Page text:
The R_StringBuffer structure needs to be initialized, for example by

    static R_StringBuffer ex_buff = {NULL, 0, MAXELTSIZE};

    which uses a default size of MAXELTSIZE = 8192 bytes. Most current uses have a static R_StringBuffer structure, which allows the (default-sized) buffer to be shared between calls to e.g. grep and even between functions: this will need to be changed if R ever allows concurrent evaluation threads. So the idiom is

    static R_StringBuffer ex_buff = {NULL, 0, MAXELTSIZE};
    ...
        char *buf;
        for(i = 0; i < n; i++) {
            compute len
            buf = R_AllocStringBuffer(len, &ex_buff);
            use buf
        }
        /*  free allocation if larger than the default, but leave
            default allocated for future use */
       R_FreeStringBufferL(&ex_buff);

    1.13.1 Internals of R_alloc

    The memory used by R_alloc is allocated as R vectors, of type RAWSXP. Thus the allocation is in units of 8 bytes, and is rounded up. A request for zero bytes currently returns NULL (but this should not be relied on). For historical reasons, in all other cases 1 byte is added before rounding up so the allocation is always 1–8 bytes more than was asked for: again this should not be relied on.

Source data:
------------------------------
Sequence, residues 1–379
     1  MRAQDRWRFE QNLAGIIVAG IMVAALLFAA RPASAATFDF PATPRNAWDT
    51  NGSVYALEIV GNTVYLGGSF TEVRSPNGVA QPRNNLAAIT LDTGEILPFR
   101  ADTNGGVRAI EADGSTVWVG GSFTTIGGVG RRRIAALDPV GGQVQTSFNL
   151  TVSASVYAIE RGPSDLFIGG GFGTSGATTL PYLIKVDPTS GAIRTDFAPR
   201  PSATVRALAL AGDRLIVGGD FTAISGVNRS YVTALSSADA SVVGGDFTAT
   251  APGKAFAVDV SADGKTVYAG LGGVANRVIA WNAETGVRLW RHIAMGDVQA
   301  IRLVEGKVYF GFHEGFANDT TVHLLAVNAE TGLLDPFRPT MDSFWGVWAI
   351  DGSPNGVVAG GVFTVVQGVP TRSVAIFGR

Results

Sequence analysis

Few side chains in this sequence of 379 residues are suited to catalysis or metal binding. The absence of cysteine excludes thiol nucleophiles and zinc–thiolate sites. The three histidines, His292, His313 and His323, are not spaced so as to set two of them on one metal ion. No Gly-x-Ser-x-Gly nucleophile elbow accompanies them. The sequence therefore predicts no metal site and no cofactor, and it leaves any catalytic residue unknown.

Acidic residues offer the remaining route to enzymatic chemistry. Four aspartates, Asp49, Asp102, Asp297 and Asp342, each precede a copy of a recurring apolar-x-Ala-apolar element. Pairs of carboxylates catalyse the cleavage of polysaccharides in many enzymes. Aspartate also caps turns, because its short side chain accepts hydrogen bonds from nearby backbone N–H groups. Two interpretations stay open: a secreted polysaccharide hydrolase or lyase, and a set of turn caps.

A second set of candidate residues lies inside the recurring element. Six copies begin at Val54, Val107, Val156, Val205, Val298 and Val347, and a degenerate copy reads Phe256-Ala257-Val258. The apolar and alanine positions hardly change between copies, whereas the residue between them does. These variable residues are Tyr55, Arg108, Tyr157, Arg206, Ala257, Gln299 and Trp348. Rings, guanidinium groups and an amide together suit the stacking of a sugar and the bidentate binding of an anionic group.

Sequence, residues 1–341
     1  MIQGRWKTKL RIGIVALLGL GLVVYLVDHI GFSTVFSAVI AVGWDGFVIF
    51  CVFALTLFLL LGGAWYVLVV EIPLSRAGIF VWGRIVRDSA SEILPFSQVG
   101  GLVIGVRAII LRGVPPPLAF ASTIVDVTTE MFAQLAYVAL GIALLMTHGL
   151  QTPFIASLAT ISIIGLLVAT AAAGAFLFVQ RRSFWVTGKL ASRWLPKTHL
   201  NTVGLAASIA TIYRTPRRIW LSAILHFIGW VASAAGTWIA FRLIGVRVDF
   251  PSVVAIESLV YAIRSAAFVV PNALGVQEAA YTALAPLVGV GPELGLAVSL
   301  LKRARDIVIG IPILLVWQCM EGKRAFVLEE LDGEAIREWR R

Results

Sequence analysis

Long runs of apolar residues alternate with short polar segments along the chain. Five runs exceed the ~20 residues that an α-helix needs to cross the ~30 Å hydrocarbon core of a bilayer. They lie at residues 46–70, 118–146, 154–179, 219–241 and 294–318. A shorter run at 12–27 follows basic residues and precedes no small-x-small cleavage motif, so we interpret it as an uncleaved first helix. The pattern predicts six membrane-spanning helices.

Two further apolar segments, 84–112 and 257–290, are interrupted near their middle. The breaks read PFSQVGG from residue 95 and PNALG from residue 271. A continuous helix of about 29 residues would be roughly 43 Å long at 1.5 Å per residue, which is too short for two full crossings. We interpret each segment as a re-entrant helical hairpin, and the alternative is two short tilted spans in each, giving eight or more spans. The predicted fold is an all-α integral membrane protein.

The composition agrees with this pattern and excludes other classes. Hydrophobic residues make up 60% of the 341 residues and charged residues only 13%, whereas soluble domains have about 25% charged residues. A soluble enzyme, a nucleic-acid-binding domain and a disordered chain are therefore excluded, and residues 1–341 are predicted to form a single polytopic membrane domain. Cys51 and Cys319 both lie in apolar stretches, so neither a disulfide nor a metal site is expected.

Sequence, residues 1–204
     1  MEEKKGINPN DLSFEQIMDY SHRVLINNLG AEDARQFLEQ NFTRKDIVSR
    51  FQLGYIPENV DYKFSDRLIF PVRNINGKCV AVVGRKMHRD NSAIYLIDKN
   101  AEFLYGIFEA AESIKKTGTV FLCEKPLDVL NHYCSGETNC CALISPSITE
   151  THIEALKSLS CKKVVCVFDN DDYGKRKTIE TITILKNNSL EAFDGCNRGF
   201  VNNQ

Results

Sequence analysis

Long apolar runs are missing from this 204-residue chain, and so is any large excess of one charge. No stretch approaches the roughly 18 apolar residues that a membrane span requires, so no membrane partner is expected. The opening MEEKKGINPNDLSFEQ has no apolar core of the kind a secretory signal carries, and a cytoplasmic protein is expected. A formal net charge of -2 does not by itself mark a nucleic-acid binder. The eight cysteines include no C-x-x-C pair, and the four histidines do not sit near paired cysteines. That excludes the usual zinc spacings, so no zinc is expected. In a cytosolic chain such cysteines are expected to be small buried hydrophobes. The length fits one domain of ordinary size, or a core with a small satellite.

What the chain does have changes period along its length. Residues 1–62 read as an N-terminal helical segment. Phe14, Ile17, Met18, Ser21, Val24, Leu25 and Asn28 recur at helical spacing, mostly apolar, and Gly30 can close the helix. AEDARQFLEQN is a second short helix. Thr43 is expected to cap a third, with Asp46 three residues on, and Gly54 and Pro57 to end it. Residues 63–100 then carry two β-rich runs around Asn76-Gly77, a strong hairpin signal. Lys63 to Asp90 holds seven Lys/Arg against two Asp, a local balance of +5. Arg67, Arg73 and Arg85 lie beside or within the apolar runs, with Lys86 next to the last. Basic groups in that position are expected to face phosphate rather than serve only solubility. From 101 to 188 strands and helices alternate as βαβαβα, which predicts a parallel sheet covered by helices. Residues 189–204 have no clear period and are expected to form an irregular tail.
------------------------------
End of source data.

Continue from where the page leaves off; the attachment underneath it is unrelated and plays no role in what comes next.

The vectors allocated are protected via the setting of R_VStack, as the garbage collector marks everything that can be reached from that location. When a vector is R_allocated, its ATTRIB pointer is set to the current R_VStack, and R_VStack is set to the latest allocation. Thus R_VStack is a single-linked chain of the vectors currently allocated via R_alloc. Function vmaxset resets the location R_VStack, and should be to a value that has previously be obtained via vmaxget: allocations after the value was obtained will no longer be protected and hence available for garbage collection.

    1.14 Internal use of global and base environments

    This section notes known use by the system of these environments: the intention is to minimize or eliminate such uses.

    1.14.1 Base environment

    The graphics devices system maintains two variables .Device and .Devices in the base environment: both are always set. The variable .Devices gives a list of character vectors of the names of open devices, and .Device is the element corresponding to the currently active device. The null device will always be open.